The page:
2011 stats: 14.1 points and 4.2 rebounds in 33 minutes per game; 15.1 PER

Prince is a jump-shooting wing best-served taking 10 or fewer shots per game, one whose defense was always highly rated but who doesn't seem to have played a lick of it since the Pistons fell from grace. He's a hard player to judge given the rubble from which he emerges; as such, if he finds the motivation to start anew, he could be a bargain. But it's a strong if. There's a reason it seemed so few teams tried hard to grab him for the stretch run last season.



In the first version of this ranking, I did not include restricted free agent Greg Oden. This was either an oversight or a nod to the mysterious in which G.O.D.E. exists, a dimension separate from the mundane course of "free agency" and "qualifying offers." You cannot place an integer in front of that entity. To do so would violate nature.

But yes, technically speaking, Oden is a free agent.



The next 54 players on our list are the true accoutrements of any given team. Primarily specialists, the players will provide spurts of contribution in certain areas. Some may fall out of favor; some may be thrust into a larger role due to tumult. But at their core, they are really not that good.

In honor of that reality, we will present their names, ranking and the most important basketball fact* about the players.

* Note: most important basketball fact is a completely subjective matter.

26. T.J. Ford: Ford is 28 years old and has a career PER of 15.2. You could do a helluva lot worse. (See below.)

27. Spencer Hawes: Hawes is 23 years old and was a full-time starter for a playoff team last season. That is not nothing.

28. James Jones: Jones took three times as many threes (287) as two-pointers (59) last season, and converted them more efficiently (42.9 percent vs. 38.9 percent).

29. Daequan Cook: Some 85 percent of Cook's shots in Oklahoma City last season were three-pointers. He hit 42 percent of them.

30. Josh McRoberts: McBob was the most productive power forward on the Indiana Pacers' roster last season.

31. Jeff Foster: Foster is No. 5 all-time in offensive rebound rate and No. 10 all-time in total rebound rate. He remains elite in both areas at the age of 34.

32. Kurt Thomas: Father Time is now the NBA's oldest player, thanks to Shaq's retirement. Thomas is one day older than Grant Hill.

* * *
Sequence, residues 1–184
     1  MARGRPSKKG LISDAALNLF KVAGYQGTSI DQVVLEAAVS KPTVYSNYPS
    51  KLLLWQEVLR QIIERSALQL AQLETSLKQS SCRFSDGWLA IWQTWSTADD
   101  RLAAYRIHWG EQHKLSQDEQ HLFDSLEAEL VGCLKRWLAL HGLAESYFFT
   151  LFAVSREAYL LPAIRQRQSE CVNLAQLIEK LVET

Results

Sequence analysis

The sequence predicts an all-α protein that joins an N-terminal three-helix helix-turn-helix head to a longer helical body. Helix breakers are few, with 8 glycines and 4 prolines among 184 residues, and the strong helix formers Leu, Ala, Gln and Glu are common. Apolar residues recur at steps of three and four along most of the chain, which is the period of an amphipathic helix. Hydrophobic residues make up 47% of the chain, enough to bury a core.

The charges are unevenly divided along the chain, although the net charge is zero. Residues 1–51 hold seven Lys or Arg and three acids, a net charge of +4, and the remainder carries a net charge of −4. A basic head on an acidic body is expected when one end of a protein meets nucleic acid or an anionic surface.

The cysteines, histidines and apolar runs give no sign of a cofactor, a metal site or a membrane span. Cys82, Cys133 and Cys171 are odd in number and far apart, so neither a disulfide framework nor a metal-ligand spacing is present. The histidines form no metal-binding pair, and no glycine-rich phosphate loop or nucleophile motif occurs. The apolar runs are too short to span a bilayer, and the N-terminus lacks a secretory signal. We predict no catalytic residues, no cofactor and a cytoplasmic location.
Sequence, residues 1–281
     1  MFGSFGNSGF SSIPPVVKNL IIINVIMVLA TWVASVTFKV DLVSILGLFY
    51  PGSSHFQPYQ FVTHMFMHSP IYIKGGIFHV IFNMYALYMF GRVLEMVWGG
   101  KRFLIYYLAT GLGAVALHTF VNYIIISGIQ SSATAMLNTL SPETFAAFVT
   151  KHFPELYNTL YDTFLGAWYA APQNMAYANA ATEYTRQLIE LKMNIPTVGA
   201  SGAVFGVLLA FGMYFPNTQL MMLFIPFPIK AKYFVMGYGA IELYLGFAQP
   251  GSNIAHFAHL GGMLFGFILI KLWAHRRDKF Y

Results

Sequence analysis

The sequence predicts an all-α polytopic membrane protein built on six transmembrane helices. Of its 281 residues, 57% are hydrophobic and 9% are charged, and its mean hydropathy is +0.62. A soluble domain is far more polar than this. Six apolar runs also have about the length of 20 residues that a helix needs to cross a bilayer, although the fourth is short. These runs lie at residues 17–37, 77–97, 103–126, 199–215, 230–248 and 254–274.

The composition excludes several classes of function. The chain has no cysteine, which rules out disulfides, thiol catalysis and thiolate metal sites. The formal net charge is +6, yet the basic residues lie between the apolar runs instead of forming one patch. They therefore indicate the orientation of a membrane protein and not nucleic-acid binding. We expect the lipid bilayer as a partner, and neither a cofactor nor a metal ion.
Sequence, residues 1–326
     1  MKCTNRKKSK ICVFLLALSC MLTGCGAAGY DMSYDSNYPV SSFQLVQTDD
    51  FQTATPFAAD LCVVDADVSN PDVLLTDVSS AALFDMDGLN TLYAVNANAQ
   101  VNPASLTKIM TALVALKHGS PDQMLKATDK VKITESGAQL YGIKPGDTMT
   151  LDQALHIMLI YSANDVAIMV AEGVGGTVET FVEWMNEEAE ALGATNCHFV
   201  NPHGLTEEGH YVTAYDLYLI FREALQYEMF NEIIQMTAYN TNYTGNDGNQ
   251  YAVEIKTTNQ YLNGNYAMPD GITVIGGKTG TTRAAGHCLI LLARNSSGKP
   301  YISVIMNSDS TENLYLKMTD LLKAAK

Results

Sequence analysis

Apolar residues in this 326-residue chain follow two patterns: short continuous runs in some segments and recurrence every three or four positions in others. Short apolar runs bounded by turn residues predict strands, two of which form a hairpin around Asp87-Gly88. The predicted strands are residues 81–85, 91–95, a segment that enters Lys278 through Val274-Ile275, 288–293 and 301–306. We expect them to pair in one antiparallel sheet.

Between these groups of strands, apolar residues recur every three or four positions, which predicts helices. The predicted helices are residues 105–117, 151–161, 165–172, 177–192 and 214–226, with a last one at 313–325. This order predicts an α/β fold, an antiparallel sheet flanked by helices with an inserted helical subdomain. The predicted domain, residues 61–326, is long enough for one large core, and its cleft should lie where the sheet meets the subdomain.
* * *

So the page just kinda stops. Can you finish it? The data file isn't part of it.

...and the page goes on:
33. Craig Smith: Smith's True Shooting percentage over the past four seasons: 59 percent, 59.9 percent, 59.9 percent, 59.2 percent. The man is consistent.

34. Alexis Ajinca: Ajinca had better per-possession stats that Spencer Hawes almost across the board last season, but played a fraction of the minutes. Alas, he is French.

35. Marco Belinelli: With last year's performance, Belinelli's career three-point shooting percentage nudged over 40 percent. He is 25 years old.

36. Delonte West: West's top similarity score through seven seasons according to Basketball-Reference is Eric Snow.

37. Chris Wilcox: Wilcox, 29, registered the same PER as rookie Greg Monroe (18) last season, behind only Rodney Stuckey (18.4) on the Pistons roster. Wilcox received 17.5 per game as a reward.

38. Jonas Jerebko: Jerebko is the first NBA player from Sweden that totally looks Norwegian.

39. Peja Stojakovic: Peja is in the top 50 all-time in most shooting categories. His shooting percentages have remained fairly stable as he has aged. You could do a helluva lot worse. See below.

40. Mike Dunleavy: Lil' Dun has three seasons in which he has shot 32 percent or worse on three-pointers, and three seasons in which he has shot 39 percent or better on three-pointers.

41. Nick Young: Among the 57 guards who played at least 2,000 minutes last season, Young had the second lowest assist rate (6.6 percent), beaten only by Jodie Meeks.

42. Shawne Williams: In his first four years in the NBA, Williams was a combined 63-206 (30.5 percent) on three-pointers. Last season, Williams was 85-212 (40 percent).

43. Anthony Parker: Parker is one of just 36 players in NBA history (18 active) with a career three-point percentage over 40 percent.

44. Leon Powe: Powe's career PER is 16.8, exactly four full points above Glen Davis.

45. Dante Cunningham: It's actually against Cunningham's moral beliefs to commit turnovers.

46. Shannon Brown: Brown is a shooting guard with a career True Shooting percent of .510, a career three-point percentage of 33.7 percent and fewer than three free throw attempts per 36 minutes. Other than that he's fantastic.

47. Jamaal Magloire: Magloire continues to do two things well: rebound and not take shots.